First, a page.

- Margo Seltzer and Eddie Kohler at Harvard. Enough said.
- Rich Uhlig was a gracious host at Intel Labs, but since he was busy I ended up going to downtown Portland for dinner by myself. I unexpectedly ate at a restaurant that was half taco joint and half strip club.
- Lastly, I enjoyed interviewing at Microsoft Research and with the Microsoft CISL group. Microsoft has their interview process down to a science and were the only place that sent a gift basket to my hotel room. I greatly admire Phil Bernstein for his work on making transactions safe, but he ironically drove his Porsche through the streets of Redmond fast and loose.
And then of course there are my interivews at CMU. I interviewed here for three days and met a lot of amazing people. The one-on-one interviews at CMU were the most intense of all the places that I visited. I'll have more about to say about the people here over time, but the two major highlights of my trip are the extracirricular activities that Garth Gibson scheduled for me, such as the opening session of the Pittsburgh DataWorks consortium and visiting Google's offices in Pittsburgh, and the lack of cutting questions from Dave Andersen during my job talk. Christos Faloutsos and Todd Mowry were also so nice to me that it's almost suspicious. Needless to say, I'm quite pleased with the way that everything turned out.
New Faculty Hires
This seemed like the year that a lot of places were looking to hire a database or "Big Data" faculty member. The job postings usually couched it as looking for someone in "data intensive computing." Every database researcher that I know about on the market this year got an amazing position. We all interviewed at almost all the same schools. Here is where everyone ended up:
- Barzan Mozafari → University of Michigan
- Aditya Parameswaran → University of Illinois at Urbana-Champaign
- Spyros Blanas → Ohio State University
- Stratos Idreos → Harvard University
- Azza Abouzied → NYU Abu Dhabi
- Matei Zaharia → MIT
- Chris Ré → Stanford University
The last two don't really count, but I included them for completeness. Chris was already a professor at the University of Wisconsin-Madison. Matei is more a distributed systems person than a pure database researcher. I included both of them in the list because I admire their work and how they get things done.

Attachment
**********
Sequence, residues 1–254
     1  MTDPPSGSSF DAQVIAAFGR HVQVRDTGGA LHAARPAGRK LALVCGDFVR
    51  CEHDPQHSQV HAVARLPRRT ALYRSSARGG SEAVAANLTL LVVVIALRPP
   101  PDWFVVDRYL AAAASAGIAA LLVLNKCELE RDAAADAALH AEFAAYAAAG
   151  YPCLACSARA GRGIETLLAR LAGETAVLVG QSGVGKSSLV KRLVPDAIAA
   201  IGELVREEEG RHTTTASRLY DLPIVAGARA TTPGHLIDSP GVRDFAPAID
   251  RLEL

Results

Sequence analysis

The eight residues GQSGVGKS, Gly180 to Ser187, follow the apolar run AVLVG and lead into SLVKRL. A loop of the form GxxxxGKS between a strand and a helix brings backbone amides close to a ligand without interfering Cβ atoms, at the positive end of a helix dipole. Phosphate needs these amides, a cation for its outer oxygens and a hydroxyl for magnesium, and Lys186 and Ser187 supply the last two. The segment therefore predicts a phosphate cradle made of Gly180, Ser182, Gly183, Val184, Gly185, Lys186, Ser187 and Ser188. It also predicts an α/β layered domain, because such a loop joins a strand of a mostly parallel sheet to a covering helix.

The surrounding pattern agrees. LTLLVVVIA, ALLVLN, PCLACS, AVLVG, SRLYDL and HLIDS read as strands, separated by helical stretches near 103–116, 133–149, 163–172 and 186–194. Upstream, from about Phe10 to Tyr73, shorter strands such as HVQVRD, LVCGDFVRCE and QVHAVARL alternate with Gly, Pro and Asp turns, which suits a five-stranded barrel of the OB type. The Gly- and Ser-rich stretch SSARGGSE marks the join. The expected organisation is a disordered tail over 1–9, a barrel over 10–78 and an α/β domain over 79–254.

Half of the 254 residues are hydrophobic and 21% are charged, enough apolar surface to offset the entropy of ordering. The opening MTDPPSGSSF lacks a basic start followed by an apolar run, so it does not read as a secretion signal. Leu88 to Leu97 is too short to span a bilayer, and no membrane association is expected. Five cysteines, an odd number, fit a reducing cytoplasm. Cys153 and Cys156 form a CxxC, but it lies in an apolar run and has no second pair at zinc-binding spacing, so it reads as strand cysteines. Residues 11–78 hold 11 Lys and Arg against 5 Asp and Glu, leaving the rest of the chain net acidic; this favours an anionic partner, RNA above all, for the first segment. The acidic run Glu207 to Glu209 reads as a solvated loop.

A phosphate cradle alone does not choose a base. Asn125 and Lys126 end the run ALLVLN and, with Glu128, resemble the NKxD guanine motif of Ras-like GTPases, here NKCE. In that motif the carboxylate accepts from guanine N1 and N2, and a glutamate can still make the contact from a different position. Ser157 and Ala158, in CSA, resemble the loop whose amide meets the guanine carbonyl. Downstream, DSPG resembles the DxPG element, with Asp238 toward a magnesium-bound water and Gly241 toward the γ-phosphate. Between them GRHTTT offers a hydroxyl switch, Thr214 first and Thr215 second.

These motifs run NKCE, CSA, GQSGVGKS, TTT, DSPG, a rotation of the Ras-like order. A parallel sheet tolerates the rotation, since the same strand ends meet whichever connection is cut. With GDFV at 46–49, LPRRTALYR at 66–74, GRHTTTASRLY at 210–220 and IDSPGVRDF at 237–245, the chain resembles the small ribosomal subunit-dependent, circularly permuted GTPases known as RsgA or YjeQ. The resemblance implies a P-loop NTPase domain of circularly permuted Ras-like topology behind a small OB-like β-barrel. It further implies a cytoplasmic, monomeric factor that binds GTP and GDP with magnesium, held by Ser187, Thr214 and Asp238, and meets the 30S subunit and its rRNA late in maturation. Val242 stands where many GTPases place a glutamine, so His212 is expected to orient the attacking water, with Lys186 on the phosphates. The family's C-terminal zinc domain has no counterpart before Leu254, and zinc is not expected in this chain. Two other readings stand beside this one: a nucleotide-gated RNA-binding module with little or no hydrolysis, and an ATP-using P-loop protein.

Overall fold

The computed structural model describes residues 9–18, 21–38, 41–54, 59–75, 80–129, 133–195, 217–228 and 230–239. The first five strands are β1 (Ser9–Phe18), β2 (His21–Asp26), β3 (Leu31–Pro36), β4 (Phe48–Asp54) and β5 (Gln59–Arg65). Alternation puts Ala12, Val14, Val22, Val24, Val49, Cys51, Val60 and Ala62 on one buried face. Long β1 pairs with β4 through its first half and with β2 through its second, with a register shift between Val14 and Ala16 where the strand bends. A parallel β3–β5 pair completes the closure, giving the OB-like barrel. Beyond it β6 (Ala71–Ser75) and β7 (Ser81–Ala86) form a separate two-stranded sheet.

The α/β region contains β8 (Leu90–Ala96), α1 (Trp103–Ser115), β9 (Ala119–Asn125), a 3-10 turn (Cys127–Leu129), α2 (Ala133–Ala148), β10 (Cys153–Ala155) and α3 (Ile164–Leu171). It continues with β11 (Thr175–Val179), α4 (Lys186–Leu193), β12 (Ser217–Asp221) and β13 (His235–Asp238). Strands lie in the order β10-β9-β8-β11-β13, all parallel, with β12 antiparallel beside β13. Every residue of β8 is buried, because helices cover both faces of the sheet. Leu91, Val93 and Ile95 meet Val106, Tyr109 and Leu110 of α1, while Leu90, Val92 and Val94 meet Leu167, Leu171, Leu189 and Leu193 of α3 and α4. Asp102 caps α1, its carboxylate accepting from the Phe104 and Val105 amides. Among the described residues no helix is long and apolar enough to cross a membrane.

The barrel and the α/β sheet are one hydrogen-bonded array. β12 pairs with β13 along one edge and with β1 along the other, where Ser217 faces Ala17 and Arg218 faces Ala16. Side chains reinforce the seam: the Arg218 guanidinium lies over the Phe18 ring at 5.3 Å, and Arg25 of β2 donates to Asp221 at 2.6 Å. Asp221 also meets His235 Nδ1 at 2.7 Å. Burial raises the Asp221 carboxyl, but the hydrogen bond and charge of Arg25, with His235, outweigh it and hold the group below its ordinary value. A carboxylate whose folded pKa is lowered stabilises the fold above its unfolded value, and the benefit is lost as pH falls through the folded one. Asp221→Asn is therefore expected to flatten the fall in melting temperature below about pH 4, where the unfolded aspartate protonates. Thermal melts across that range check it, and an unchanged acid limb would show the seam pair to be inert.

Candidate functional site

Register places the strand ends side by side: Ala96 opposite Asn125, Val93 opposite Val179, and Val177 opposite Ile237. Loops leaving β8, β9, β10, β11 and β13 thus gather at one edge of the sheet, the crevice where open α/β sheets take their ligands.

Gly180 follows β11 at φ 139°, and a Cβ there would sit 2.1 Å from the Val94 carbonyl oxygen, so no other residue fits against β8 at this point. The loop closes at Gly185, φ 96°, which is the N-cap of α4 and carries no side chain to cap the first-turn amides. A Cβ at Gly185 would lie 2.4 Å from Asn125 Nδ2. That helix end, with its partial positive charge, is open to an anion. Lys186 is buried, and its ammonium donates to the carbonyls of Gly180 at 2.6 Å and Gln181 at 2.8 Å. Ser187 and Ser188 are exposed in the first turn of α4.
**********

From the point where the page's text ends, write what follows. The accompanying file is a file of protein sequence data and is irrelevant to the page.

If you're a grad student that is going on the job market this upcoming year, you may be thinking that all of the good schools have already hired somebody. Don't worry, because there are still lots of great places that did not pick up a new database professor and are likely to be looking again next year. The two most prominent are Columbia (with the formidable duo of Ken Ross and Luis Gravano) and UMD (with Amol Deshpande, my favorite DB researcher below the Mason-Dixon line). Other CS departments that I interviewed at that are likely to be looking again include Northwestern and the University of Chicago.
If you're on a faculty search committee and are worried that all the best people were already picked up, there are several students that I know that are going on the job market whose work excites me. Foremost, there is Jennie Duggan at MIT who works on SciDB, Alvin Cheung at MIT who works on computer-aided database program optimizations, and Aaron Elmore at UCSB who works on elastic transactional systems. And then of course there is Neil Conway (aka the "forbidden fruit") at Berkeley, who works on the BOOM Project. If you can wait a little longer, further down the grad student pipeline there is wonderkid Peter Bailis at Berkeley, who works on large-scale, front-end database systems, and Orestis Polychroniou at Columbia, who works on optimizing database systems on modern hardware.